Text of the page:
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ELIZABETH BARRETT BROWNING.

I.

HERE are some poets whom we picture to ourselves as surrounded with aureolas; who are clothed in so pure an atmosphere that when we speak of them, though with a critical pur

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pose and in this exacting age, our language must express that tender fealty which sanctity and exaltation compel from all mankind. We are not sure of our judgment: ordinary tests fail us;

the pearl is a pearl, though discolored; fire is fire, though shrouded in vapor, or tinged with murky hues. We do not see clearly, for often our eyes are blinded with tears; we love, we cherish, we

revere.

The memory and career of Elizabeth Barrett Browning appear to us like some beautiful ideal. Nothing is earthly, though all is human; a spirit is passing before our eyes, yet of like passions with ourselves, and encased in a frame so delicate that every fibre is alive with feeling and tremulous with radiant thought. Her genius certainly may be compared to those sensitive, palpitating flames, which harmonically rise and fall in response to every sound-vibration near

them. Her whole being was rhythmic, and, in a time when art is largely valued for itself alone, her utterances were the expression of her inmost soul.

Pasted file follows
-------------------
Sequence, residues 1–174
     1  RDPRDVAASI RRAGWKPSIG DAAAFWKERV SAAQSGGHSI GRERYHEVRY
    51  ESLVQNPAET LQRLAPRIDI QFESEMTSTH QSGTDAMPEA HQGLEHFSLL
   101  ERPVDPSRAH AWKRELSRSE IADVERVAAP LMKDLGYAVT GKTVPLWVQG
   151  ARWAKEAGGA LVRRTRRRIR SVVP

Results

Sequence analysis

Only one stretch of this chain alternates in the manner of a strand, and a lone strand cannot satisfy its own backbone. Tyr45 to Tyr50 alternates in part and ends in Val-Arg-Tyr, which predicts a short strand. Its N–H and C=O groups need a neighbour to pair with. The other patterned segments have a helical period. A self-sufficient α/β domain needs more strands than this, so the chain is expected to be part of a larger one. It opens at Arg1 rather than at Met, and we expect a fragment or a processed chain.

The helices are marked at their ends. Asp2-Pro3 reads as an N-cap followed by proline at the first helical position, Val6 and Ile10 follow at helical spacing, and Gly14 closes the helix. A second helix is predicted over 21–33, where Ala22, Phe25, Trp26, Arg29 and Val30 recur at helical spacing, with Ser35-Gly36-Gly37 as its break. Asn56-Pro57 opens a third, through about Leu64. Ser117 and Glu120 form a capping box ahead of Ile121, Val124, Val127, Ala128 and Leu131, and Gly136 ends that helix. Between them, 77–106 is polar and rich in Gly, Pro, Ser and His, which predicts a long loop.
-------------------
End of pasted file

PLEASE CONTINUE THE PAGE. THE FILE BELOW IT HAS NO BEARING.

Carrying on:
While the recent composite period has exhibited many phases of poetic art, it is not difficult, with respect to each of them taken singly, to find some former epoch more distinguished. The Elizabethan age surpassed it in dramatic creation, and in those madrigals and canzonets which - to transpose Mendelssohn's fancy music without harping; the Protectorate developed more epic grandeur, the Georgian era, more romantic sentiment and strength of wing. Recent progress has been phenomenal, chiefly,

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in variety, finish, average excellence of work. To this there is one exception. The Victorian era, with its wider range of opportunities for women, has been illumined by the career of the greatest female poet that England has produced, -nor only England, but the whole territory of the English language; more than this, the most inspired woman, so far as known, of all who have composed in ancient or modern tongues, or flourished in any land or time.

What have we of Sappho, beyond a few exquisite fragments, a disputed story, the broken strings of a remote and traditional island-lyre? Yet, from Sappho down, including the poetry of Southern and Northern Europe and the whole

melodious greensward of English song, the remains of what woman are left to us, which in quantity and inspiration compete with those of Mrs. Browning? What poet of her own sex, except Sappho, did she herself find worthy a place among the forty immortals grouped in the hemicycle of her own "Vision of Poets"? Take the volume of her collected writings, with so much that we might omit, with so many weaknesses and faults, and what riches it contains!

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How different, too, from other recent work, thoroughly her own, eminently that of a woman, a Christian sibyl, priestess of the melody, heroism, and religion of the modern world.

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